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Lucas, R. (1995). Unimaginable Storms: A Search For Meaning in Psychosis. : By Murray Jackson and Paul Williams. Karnac Books. London. 1994. Pp. 248.. Int. J. Psycho-Anal., 76:205-207.

(1995). International Journal of Psycho-Analysis, 76:205-207

Unimaginable Storms: A Search For Meaning in Psychosis. : By Murray Jackson and Paul Williams. Karnac Books. London. 1994. Pp. 248.

Review by:
Richard Lucas

Sir Dennis Hill, when Professor of Psychiatry at the Institute of Psychiatry and the Maudsley Hospital, provided his beds for the purpose of the application of psychoanalytic ideas in general psychiatry. John Steiner, who wrote the foreword of this book, was the first psychoanalytically-trained consultant to the Unit. When, in 1975, he moved to the Tavistock Clinic, Murray Jackson was appointed as his successor.

This book describes Murray Jackson's work on the unit over the 13-year period until his retirement in 1987, when the unit closed. The unit consisted of 11 beds on a 22-bed ward, shared with Professor Cawley, who was not an analyst but had an eclectic approach to general psychiatry.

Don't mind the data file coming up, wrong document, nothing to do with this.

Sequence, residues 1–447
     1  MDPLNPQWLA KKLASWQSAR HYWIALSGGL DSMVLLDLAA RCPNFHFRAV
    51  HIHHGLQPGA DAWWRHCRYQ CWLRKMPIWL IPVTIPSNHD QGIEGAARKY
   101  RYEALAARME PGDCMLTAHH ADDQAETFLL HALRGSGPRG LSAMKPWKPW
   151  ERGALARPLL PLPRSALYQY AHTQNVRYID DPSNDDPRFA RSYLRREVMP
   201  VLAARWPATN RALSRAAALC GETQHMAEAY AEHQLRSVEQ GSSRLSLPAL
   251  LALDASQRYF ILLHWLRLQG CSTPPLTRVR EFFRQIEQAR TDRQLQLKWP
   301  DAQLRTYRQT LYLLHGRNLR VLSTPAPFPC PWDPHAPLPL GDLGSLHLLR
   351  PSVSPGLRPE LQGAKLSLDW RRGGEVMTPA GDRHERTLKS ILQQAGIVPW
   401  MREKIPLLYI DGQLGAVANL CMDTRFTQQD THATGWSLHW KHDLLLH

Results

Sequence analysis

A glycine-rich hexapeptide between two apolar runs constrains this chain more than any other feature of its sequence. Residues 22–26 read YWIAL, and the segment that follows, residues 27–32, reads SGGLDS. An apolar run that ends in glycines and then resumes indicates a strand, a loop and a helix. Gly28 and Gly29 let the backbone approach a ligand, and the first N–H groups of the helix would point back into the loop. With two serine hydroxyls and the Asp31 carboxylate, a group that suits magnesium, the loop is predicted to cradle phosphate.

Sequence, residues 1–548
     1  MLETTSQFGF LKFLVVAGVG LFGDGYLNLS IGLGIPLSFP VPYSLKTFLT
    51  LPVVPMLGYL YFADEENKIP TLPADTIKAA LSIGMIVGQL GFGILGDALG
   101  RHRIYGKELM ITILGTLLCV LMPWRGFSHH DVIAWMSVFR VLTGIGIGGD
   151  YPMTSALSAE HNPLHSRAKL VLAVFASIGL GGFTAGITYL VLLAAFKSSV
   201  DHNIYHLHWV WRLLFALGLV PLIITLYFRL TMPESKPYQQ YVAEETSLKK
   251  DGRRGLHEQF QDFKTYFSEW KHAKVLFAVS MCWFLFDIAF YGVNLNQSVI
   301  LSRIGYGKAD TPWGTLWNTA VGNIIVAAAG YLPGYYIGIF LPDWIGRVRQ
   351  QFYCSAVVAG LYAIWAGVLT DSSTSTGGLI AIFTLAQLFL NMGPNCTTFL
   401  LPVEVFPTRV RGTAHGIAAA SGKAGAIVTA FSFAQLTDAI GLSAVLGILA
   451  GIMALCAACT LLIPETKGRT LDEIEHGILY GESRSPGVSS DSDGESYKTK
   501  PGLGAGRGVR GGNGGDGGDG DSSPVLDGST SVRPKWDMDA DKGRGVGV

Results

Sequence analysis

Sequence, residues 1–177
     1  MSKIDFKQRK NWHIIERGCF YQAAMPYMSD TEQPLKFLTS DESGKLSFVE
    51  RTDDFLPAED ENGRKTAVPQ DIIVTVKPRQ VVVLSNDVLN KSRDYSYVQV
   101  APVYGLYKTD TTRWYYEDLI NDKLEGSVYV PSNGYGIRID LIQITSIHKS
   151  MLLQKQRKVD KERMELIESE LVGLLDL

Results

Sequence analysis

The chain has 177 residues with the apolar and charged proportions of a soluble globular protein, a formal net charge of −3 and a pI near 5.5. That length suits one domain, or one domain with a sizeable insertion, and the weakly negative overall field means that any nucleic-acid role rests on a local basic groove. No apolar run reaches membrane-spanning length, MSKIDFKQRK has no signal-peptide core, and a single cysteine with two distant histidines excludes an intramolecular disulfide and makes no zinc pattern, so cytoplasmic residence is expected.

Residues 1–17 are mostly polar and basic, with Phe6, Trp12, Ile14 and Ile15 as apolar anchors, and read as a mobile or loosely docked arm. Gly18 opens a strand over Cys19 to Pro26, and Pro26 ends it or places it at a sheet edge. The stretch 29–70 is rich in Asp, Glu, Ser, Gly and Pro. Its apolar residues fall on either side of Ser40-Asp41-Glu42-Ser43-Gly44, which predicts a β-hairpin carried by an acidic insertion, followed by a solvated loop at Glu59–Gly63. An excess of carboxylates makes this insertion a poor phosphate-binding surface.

The book starts with a background description of the two authors. Murray Jackson was born in Australia and came to train at the Maudsley 45 years ago. Initially he trained in analytical psychology, becoming familiar with Jung's work on psychosis. Subsequently he trained as a psychoanalyst, influenced by Klein, Rosenfeld, Segal, Bion and particularly Henri Rey, who was working in the Psychotherapy Department at the Maudsley. He worked part-time in the unit and part-time in analytic practice.

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